Monday, January 7, 2008
D-SLR Wars: Episode III
Resolution always will be a buzzword for digital cameras, but the current crop of professional-quality D-SLRs is about much more than advances in megapixel counts
The war of technology is raging with renewed vigor as the next installment of weapons has come to the battlefield. Product development, with its furious and relentless pace, has taken us one step further into the golden age of digital photography. But that step is now at least as much about features and new onboard technologies as it is about gains in resolution. While we expect manufacturers to continue to develop higher-resolution sensors—as shown by the latest gains across the industry—we're seeing a fundamental shift away from resolution as the big story.
Larger LCDs and full live-view shooting with the LCD, 14-bit RAW capture, better noise reduction for shooting at higher ISOs, live histogram displays, automatic sensor cleaning, bigger and brighter viewfinders, and faster and more powerful processing engines—these are the features driving innovation right now. Part of the deemphasis on resolution comes from the simple fact that packing more and more photosites on a sensor ultimately leads to diminishing returns. At a point, the individual photosites would get so small it actually would degrade image quality. The smaller the photosite, the fewer photons it can collect for a given exposure—noise increases and dynamic range, detail and color saturation all drop. How much they drop depends on how small the photosites get.
That's certainly one of the reasons why we're seeing most of the available D-SLRs coming in at 10- to 12-megapixels this year. Other issues are cost, of course, and performance of both the camera and the computers on the back end of the processing workflow. Who wants to shoot images that require a Defense Department supercomputer to open?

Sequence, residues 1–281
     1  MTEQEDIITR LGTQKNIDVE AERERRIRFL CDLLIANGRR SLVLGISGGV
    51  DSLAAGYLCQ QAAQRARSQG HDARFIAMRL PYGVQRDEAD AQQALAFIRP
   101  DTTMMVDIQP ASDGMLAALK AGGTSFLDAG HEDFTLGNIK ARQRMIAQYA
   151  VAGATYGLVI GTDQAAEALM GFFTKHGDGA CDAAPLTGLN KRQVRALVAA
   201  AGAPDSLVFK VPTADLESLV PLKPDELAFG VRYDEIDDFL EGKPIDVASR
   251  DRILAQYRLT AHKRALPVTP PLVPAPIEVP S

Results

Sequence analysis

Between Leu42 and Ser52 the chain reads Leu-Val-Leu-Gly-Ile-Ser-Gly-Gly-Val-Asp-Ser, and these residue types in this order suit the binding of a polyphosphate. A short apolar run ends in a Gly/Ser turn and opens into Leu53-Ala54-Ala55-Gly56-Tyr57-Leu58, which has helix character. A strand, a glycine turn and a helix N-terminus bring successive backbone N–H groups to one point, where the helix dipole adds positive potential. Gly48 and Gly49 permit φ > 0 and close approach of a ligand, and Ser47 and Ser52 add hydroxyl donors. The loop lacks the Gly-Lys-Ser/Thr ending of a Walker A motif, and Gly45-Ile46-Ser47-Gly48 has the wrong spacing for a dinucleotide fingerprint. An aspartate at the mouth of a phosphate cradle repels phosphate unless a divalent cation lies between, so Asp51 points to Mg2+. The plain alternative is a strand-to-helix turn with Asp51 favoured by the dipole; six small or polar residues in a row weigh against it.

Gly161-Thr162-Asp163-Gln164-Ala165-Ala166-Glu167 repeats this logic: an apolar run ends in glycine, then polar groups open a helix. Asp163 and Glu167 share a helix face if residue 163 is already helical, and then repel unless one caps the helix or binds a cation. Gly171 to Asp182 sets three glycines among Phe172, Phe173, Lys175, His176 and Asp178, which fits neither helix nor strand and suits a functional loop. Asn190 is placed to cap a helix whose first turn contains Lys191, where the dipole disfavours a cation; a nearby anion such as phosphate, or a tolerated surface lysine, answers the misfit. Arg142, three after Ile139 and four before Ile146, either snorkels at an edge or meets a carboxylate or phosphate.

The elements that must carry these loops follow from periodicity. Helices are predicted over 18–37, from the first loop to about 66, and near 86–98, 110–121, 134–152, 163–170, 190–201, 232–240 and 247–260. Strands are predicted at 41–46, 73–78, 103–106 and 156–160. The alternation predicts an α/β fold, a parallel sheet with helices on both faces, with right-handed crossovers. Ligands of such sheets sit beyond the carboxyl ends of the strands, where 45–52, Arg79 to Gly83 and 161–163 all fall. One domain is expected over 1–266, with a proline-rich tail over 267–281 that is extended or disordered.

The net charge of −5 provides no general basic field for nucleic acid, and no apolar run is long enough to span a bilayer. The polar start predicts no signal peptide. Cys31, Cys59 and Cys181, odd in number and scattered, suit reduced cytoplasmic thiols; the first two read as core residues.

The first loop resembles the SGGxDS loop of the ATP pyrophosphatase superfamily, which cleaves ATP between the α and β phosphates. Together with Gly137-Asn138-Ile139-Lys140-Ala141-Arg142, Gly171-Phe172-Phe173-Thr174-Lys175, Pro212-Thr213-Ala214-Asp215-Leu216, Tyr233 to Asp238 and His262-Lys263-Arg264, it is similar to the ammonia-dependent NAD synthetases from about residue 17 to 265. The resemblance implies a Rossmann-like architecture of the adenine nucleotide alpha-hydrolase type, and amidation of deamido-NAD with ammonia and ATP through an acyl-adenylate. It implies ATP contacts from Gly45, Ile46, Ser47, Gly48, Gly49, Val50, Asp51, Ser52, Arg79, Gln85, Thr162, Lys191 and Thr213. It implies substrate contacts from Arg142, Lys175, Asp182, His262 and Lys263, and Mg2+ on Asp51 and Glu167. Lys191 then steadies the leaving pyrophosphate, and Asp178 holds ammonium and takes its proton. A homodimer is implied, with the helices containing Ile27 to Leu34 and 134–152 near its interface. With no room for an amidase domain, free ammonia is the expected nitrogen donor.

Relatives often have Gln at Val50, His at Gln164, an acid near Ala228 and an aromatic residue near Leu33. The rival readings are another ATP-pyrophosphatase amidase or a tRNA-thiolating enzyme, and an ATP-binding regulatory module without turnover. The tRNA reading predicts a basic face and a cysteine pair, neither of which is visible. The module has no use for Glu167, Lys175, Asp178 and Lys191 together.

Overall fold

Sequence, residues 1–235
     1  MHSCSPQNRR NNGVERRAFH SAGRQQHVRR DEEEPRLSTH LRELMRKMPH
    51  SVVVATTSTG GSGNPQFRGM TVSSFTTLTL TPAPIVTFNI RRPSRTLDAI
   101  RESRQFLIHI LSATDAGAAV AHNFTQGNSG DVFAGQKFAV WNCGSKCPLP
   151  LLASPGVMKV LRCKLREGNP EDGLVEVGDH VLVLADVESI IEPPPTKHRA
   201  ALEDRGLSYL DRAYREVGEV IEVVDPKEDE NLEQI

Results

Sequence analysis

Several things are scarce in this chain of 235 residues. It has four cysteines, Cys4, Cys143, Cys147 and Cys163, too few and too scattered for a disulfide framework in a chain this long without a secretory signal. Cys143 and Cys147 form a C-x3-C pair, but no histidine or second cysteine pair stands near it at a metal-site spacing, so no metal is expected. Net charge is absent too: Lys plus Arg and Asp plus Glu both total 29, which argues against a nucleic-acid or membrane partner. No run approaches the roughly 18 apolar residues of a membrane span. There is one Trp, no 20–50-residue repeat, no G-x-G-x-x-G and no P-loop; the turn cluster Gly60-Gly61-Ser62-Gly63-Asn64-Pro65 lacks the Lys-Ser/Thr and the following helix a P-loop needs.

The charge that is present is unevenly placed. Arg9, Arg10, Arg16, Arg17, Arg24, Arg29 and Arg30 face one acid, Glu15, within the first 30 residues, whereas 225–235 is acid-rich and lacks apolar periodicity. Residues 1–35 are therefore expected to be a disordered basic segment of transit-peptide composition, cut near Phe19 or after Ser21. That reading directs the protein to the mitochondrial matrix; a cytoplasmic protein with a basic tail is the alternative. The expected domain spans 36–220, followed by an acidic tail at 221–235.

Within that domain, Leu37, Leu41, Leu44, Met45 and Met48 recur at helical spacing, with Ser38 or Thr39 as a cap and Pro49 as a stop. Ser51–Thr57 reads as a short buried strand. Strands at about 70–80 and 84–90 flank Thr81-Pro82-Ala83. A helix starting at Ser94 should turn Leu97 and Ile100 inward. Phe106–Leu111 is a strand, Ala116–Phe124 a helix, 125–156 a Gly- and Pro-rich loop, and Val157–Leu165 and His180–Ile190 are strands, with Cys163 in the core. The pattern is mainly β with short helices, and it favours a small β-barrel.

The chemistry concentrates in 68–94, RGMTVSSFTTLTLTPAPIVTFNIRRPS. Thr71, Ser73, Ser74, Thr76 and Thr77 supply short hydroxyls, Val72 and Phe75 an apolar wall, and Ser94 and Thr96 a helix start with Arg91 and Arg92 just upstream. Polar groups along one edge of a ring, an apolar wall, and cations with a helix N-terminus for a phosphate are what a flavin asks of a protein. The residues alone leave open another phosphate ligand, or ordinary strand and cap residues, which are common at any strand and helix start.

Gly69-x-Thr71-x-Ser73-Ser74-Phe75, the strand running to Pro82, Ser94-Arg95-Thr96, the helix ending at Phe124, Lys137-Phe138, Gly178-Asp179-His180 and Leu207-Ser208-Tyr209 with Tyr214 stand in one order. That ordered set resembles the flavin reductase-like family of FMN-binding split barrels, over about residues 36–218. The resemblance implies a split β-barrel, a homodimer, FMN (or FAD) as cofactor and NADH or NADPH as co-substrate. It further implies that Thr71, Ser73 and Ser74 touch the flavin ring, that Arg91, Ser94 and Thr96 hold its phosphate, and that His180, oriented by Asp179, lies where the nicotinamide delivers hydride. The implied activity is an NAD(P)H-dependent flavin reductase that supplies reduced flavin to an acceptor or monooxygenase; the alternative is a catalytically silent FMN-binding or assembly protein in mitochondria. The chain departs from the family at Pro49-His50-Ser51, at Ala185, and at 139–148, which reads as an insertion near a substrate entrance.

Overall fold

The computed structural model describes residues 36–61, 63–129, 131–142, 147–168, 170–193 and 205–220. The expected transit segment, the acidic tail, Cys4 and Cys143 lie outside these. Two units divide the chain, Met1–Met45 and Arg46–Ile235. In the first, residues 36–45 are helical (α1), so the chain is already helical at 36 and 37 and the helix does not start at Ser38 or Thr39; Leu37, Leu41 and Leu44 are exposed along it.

Manufacturers are constantly working to find the right balance between sensor size, the number of pixels, the size of those pixels and the cost of production—while focusing on other ways to improve image quality like bit depth. Having the option of 14-bit RAW capture is one of the latest trends taking hold. It's in all the new Canons and Nikons. Compared to 12-bit, there's a noticeable difference in color and tonal rendition, plus there's just so much more image information to work with for Curves and Levels adjustments in Photoshop. A 12-bit file has 4,096 discrete levels of color and tonal information per channel (RGB); a 14-bit file has 16,384 levels per channel.
Faster processing engines and buffers are bumping sequential, high-resolution capture rates to an average of 5 fps. Metering and autofocus systems are getting faster and more accurate. The Nikon D3 and D300 have a new 51-point AF system. Both Canon Mark IIIs have a new 45-point AF system. Throw in some improved noise reduction, working in tandem with increased ISO sensitivity, and you get low-light shooting capabilities you'd never have thought possible. At the high end, ISOs of either 1600 or 3200 are now commonplace and some go much higher. The new Nikon D3, for example, can be set at a maximum ISO of 25600 (in Hi-2 mode)!
Olympus, Pentax, Samsung and Sony have developed built-in sensor-shift technology to deal with camera shake, while Canon, Nikon and Sigma have opted to build stabilization technology into their lenses. Panasonic has stabilization in both the body and lens.
Whether sensor-shift or optical stabilization is better certainly is debatable. For instance, in-lens antishake allows you to see the effect as you shoot; on the other hand, in-camera stabilization allows you to use almost any lens. Although the technologies are very different, they both minimize or eliminate shake in nearly any situation, on or off the tripod. In low-light conditions, you can shoot, on average, four shutter speeds slower than your normal handheld limit. It's a beautiful thing.
Page 1 of 7